Poison Ocellate OctopusPOTW November 12, 2018
This week’s POTW is a portrait of a small cephalopod commonly known as the poison ocellate octopus. The species taxonomic name is Octopus mototi. Both the common and scientific names are derived from the language spoken on the South Pacific island of Rapa where this octopus is referred to as “fe’e mototi”, meaning poison octopus.
Most of the time the body color of a poison ocellate octopus consists of somewhat drab hues of tan, orange and off-white. But when alarmed they are often quick to change their color to a variety of bright warm hues like the yellow seen here. In other instances, they display maroon stripes over a cream-colored body.
One iridescent blue ring located on each side of the body quickly becomes more prominent when a poison ocellate octopus appears to feel threatened or disturbed.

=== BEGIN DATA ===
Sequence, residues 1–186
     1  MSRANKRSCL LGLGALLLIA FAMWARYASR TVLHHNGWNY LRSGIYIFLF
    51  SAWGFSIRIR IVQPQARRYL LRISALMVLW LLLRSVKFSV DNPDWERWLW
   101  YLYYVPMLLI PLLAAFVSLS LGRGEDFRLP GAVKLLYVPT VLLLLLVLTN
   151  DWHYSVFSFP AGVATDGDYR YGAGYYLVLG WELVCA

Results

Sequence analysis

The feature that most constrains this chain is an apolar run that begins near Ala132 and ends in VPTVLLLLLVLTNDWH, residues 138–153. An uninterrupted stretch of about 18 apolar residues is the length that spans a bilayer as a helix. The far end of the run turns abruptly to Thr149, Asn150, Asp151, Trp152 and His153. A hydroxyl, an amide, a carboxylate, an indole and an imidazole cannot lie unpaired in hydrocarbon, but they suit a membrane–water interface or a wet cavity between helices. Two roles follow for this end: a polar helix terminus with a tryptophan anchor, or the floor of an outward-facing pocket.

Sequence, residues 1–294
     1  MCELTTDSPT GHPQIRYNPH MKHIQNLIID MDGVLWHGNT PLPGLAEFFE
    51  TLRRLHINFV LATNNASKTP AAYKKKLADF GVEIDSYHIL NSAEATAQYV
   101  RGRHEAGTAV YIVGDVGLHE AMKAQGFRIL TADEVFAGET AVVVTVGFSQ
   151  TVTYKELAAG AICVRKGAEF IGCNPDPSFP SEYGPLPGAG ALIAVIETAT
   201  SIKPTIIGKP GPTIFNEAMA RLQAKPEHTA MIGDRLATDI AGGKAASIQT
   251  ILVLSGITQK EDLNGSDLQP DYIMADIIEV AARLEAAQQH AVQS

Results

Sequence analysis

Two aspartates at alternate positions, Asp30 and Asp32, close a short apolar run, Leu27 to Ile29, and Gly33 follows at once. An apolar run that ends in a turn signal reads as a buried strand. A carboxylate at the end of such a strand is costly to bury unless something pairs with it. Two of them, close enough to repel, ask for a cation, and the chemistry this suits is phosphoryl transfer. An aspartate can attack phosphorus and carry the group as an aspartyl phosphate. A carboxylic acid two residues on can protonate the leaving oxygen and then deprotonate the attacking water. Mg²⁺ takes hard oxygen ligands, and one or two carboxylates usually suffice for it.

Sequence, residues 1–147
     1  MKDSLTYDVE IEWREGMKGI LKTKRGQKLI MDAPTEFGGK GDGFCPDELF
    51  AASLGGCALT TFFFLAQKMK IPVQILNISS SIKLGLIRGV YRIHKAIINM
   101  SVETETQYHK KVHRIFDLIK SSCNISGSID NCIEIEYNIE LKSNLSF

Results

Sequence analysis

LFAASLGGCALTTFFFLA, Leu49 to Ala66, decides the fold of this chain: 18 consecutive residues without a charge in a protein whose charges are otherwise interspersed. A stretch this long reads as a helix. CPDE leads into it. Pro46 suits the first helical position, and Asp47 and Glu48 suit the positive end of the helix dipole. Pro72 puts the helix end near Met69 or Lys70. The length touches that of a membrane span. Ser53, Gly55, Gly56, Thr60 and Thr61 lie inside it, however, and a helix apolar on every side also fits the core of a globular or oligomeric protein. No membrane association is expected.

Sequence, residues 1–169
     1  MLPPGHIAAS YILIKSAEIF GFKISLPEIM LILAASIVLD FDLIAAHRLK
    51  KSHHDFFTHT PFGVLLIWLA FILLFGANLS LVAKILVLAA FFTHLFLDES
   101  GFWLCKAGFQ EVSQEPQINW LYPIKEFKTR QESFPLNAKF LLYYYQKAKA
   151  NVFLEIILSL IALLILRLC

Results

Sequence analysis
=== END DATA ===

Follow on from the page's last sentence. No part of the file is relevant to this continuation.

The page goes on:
While docile by nature. At least in terms of its relationship to divers, the use of the word poison is certainly appropriate as the venom of the poison ocellate octopus is more potent than that of the blue-ringed octopus.
The poison ocellate octopus preys mostly on a variety of shellfish and hermit crabs. When capturing its victim, a poison ocellate octopus typically drills through the shell with its powerful beak, and then it injects its paralyzing venom. Once the victim is subdues, the octopus extracts its prey.
The poison ocellate octopus is reported to reach an arm tip-to arm tip length of almost 25 inches, but most specimens would easily fit in the palm of your hand. However, putting one there would be a very risky behavior!
The poison ocellate octopus inhabits a wide swath of the Indo-Pacific where it resides in coral reef communities and areas where the sea floor consists of rubble and sand.
I captured this image this past September while diving from the Atlantis Resort in Dumaguete, Philippines on a dive with a group organized by Captain Steve.
I hope you enjoy this week’s POTW!
See you next week,